The reason for this requirement is in order that the Initialize operation for a component with a self-referential access discriminant can assume that other components of the enclosing object have already been properly initialized (AARM 7.6(12.b)). While that can't happen in this case, it is possible to construct cases where an ancestor component has an Initialize operation that does manage to access extension components. For instance, change Rec1.D to a classwide type, and dispatch on it to an operation that uses the extension components.
This requirement is counter-intuitive, as it means that an extension component cannot assume that all of the ancestor components are initialized (if there are any components constrained by access discriminants). The conceptual model of extension components being added to the existing components without any semantic changes is false in this case. That is a possible source of bugs.
But, clearly, the current rule also prevents bugs (just different bugs). In the absence of any reason to choose one set of bugs over another, it makes the most sense for the language to be consistent and use the same rules for all types. Thus, we do not recommend a change to this rule.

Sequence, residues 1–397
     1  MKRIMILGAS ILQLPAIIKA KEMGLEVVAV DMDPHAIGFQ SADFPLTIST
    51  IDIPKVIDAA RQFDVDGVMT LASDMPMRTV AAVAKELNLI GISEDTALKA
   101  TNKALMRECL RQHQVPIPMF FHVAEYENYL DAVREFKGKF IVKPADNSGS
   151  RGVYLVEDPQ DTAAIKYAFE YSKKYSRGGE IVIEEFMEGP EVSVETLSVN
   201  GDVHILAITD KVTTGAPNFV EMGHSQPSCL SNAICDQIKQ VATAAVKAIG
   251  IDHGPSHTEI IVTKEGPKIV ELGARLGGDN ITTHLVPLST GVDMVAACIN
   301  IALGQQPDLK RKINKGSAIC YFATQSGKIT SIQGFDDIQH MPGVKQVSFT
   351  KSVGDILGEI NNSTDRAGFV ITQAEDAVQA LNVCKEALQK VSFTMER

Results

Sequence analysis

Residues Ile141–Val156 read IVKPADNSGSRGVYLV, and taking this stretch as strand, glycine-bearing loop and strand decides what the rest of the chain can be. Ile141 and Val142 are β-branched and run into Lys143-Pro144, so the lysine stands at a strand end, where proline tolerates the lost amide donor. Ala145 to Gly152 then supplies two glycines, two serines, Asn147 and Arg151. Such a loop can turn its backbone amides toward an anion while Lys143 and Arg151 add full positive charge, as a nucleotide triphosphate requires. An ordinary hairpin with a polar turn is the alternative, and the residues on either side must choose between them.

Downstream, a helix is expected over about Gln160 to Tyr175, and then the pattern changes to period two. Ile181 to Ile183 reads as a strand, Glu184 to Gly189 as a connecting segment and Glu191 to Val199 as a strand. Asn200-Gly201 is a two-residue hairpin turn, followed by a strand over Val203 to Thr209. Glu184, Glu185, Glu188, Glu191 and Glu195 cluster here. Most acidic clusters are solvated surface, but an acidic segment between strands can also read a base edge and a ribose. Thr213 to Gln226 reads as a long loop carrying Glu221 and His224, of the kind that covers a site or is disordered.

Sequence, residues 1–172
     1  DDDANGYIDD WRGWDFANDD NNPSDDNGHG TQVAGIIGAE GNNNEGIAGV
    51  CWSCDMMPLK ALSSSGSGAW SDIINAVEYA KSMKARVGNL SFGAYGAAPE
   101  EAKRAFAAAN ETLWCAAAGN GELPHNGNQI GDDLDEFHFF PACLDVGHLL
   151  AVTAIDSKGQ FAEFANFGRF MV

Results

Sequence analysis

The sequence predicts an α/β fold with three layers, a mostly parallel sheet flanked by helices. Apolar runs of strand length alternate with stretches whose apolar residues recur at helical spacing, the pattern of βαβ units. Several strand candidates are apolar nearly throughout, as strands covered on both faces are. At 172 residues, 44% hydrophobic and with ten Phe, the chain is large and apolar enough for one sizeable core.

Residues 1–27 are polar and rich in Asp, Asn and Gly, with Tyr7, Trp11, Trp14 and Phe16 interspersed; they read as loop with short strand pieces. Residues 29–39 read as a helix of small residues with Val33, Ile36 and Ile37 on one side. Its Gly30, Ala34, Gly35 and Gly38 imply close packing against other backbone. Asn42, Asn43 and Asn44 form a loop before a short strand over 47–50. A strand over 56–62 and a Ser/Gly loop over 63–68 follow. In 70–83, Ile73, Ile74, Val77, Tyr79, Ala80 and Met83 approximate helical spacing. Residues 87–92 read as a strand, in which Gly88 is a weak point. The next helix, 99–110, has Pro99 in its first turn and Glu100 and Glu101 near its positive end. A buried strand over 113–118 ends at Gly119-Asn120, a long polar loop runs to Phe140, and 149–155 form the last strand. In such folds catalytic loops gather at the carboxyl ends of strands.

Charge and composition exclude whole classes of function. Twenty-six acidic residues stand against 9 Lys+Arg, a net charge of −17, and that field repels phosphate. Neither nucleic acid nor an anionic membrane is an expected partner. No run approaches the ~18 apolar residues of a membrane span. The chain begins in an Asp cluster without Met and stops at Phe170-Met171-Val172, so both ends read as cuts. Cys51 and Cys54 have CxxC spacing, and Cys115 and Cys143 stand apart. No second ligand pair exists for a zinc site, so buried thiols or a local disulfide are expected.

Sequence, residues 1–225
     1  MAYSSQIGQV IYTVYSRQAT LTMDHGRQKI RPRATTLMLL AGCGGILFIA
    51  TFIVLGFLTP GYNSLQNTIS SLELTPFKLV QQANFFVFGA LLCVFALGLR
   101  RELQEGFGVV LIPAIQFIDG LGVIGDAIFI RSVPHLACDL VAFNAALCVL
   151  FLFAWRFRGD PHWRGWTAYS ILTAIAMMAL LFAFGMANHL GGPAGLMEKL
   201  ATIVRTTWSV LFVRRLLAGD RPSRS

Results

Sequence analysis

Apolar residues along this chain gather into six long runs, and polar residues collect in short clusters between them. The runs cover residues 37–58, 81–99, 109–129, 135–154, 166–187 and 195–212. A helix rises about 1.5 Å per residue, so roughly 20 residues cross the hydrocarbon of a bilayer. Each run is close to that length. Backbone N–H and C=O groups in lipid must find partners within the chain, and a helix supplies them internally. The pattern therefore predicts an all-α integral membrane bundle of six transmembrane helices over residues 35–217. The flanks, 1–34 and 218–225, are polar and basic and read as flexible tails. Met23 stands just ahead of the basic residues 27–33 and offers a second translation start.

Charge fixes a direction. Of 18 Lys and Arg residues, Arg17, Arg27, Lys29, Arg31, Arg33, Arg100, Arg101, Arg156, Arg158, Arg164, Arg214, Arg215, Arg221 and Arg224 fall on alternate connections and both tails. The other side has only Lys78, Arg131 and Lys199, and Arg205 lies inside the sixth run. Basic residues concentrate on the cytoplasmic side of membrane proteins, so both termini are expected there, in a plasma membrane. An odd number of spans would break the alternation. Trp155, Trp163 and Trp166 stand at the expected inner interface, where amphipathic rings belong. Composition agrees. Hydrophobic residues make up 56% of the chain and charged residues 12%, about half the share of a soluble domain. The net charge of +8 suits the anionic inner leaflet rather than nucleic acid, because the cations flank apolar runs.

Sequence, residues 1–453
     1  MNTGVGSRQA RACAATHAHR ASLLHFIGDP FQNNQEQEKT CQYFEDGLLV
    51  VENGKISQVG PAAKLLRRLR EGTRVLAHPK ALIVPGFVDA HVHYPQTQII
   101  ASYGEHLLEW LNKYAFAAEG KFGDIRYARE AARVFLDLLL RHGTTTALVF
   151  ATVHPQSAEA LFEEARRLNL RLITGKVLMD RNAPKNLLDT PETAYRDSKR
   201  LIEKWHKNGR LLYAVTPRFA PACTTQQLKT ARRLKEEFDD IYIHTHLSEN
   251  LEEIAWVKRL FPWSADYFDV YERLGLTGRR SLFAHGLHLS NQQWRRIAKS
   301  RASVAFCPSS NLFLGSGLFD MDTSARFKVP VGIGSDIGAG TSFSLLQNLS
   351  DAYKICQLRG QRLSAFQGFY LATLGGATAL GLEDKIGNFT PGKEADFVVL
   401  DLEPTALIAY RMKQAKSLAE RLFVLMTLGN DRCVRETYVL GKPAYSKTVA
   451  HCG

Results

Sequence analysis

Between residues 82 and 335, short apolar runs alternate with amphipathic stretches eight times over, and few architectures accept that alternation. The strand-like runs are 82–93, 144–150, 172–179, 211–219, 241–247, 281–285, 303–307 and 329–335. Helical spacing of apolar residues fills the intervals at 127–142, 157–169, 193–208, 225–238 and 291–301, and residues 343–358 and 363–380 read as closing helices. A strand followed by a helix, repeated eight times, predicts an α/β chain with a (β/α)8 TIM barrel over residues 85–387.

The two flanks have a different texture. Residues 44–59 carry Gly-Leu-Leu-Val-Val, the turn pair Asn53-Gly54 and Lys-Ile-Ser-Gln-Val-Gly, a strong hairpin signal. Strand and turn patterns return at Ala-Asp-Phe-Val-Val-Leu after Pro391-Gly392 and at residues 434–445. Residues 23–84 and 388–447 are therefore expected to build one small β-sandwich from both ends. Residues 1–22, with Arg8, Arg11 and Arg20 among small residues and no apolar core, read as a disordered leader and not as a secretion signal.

Note that the rules as written potentially have an extra implementation cost over the "composing" order. If the implementation uses a subprogram to initialize components of a tagged type T, it would make sense to use that subprogram to initialize the parent components of an extension of T (and just initialize the extension components directly in T). But that would be complicated by this requirement, and could not be done at all in unusual cases.
!ACATS Test
An ACATS C-test could be constructed to test a case like the example given here, in order to verify that the rule is implemented properly.
However, we believe that this is relatively low priority to make portable. There is clearly an implementation burden (and possible introduction of bugs) to fixing this. So at this time, we are recommending not creating a test until after all higher priority test cases are tested.
!appendix

!topic  order of initialization/finalization of record components
!reference Ada 2005 RM 7.6(12), RM 7.6.1(9), AARM 7.6(12.b), AARM 7.6(9.a)
!from Dan Eilers 2005-10-17
!keywords initialize finalize access discriminant
!discussion

When a record contains two fields, one with an access discriminant and one
without, the field with the access discriminant is initialized last and
finalized first. The AARM explains:

  7.6(12.b):